Businessweek had an interesting piece on Apple’s iOS chief Scott Forstall and his ever-increasing role at Apple, especially after the death of Steve Jobs. I can remember a few years back when Steve Jobs was diagnosed with cancer.  Obvious concern for his personal well being aside, I remember wondering how the company could survive without […]
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Scott Forstall’s new gig


Businessweek had an interesting piece on Apple’s iOS chief Scott Forstall and his ever-increasing role at Apple, especially after the death of Steve Jobs.

I can remember a few years back when Steve Jobs was diagnosed with cancer.  Obvious concern for his personal well being aside, I remember wondering how the company could survive without his… well, let’s go with aura, because presence seems to undersell his importance to the company.

This point has been beaten to death, but no public figurehead’s image was more intertwined with their company than Jobs was with Apple.  The survival of the company that once gave him the boot was dependent upon him.

The launch and explosion of the iOS community has sent Apple soaring to heights that seemed unreachable not even a decade ago.  And standing at the top, staring down the barrel of unparalleled success, was Steve Jobs.  But now, the company was forced to consider life after Steve Jobs.

This wasn’t the same company that Jobs saved.  When he returned in the 90’s, Apple was seen as the little guy in a losing battle with Microsoft.  Their goal was clear, and the path to reach that goal defined.  But now?  Apple had become much more than a computer company.  They defined a mobile community that now looks back at them to continue paving the path they have laid down.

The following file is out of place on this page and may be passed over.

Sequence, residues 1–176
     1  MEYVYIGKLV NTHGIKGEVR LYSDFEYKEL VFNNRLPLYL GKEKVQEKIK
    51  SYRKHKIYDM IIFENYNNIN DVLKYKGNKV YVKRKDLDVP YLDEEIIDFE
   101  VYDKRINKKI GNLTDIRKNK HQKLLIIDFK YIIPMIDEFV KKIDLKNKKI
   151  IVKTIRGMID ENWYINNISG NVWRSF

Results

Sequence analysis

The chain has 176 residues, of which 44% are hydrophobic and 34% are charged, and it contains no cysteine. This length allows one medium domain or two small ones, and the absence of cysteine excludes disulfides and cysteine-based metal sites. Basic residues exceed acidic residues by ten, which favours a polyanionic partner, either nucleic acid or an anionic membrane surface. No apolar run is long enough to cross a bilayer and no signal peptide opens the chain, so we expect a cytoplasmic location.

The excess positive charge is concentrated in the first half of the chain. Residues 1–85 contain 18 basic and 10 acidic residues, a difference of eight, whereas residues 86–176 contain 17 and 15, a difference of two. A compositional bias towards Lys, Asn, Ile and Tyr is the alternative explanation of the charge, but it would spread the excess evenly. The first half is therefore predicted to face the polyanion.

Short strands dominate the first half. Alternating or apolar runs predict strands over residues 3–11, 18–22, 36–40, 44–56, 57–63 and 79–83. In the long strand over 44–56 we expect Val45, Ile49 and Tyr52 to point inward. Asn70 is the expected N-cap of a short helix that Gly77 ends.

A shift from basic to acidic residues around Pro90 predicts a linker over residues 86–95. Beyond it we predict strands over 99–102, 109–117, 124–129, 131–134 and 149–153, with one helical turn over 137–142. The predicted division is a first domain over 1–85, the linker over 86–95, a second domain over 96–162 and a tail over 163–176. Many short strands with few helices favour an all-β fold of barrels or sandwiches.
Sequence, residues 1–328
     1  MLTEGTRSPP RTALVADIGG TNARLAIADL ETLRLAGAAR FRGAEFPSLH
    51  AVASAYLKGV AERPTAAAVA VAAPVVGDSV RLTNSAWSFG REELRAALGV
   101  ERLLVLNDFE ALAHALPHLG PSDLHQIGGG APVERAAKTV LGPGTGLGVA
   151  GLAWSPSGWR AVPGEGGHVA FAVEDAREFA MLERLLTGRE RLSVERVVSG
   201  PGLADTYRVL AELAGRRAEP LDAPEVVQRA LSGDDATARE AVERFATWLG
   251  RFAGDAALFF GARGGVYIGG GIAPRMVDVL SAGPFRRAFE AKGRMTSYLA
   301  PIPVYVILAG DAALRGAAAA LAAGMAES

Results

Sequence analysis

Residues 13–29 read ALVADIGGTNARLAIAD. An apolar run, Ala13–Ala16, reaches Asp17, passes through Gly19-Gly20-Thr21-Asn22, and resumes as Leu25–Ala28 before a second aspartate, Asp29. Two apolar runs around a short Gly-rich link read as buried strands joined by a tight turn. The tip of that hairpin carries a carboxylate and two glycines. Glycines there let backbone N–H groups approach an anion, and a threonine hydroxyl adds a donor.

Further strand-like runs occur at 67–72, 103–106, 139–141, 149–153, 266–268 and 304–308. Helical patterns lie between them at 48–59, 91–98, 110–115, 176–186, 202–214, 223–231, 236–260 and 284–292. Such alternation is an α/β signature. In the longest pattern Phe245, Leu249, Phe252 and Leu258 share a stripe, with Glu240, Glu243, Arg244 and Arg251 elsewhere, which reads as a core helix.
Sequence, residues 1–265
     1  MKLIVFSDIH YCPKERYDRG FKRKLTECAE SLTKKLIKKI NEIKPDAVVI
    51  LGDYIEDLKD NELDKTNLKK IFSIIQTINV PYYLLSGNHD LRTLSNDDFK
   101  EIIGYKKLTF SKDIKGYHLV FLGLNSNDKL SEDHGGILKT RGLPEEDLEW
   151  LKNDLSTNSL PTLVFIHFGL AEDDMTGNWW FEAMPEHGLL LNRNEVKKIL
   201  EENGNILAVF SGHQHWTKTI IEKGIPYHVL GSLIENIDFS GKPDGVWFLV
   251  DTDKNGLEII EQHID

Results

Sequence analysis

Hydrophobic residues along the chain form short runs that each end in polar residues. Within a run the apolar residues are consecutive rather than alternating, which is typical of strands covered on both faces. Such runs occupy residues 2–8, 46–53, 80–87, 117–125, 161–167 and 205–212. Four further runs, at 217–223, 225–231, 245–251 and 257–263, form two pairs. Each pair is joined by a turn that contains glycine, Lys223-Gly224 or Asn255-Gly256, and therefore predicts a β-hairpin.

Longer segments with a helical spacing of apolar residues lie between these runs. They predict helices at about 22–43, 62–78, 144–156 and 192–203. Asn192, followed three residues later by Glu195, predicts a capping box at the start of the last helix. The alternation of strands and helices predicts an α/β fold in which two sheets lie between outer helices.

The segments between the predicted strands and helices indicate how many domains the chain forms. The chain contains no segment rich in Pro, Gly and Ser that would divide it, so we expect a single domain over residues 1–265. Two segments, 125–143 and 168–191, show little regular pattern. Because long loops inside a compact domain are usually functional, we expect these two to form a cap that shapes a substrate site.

The public perception that Jobs was Apple was not far off.  And I don’t mean that as disrespect to the talented staff around Jobs, as their brilliance is well documented.  But what little stories were written on the inner workings of Apple usually made mention of how hands-on Steve was with the company.  He was not only the company’s spokesman, but also the leader in every sense of the word.

The question is not who represents Apple, but rather:  Who guides Apple?  Who helps decide where Apple next puts its focus?  Not just who helps, but who makes the final call?

As iOS has grown, so has public awareness about Scott Forstall.  Considering that he just passed by 40, barring any sort of fall out, he has many more years with Apple.  It will be interesting to see what kind of relationship he has with Tim Cook and, perhaps just as important, the rest of the Apple community.

This article paints him as a polarizing figure as he is perceived as both a genius and someone who is very difficult to work with.  Now you might be thinking that sounds a lot like Steve Jobs.  And you’re right.  But Jobs attained success before the news-now era and had already earned public and shareholder respect.

People like Cook and Forstall are going to be under a very intense microscope.  While they may have the respect of their peers, the public does not yet trust them.  They have a lot of people to convince and enormous shoes to fill.  But it’s a double-edged sword because prematurely assuming the role of “the next Steve” could be the kiss of death.

What do you think of the post-Jobs era?  Does someone like Scott Forstall instill confidence or skepticism?

Image Source:  businessinsider.com

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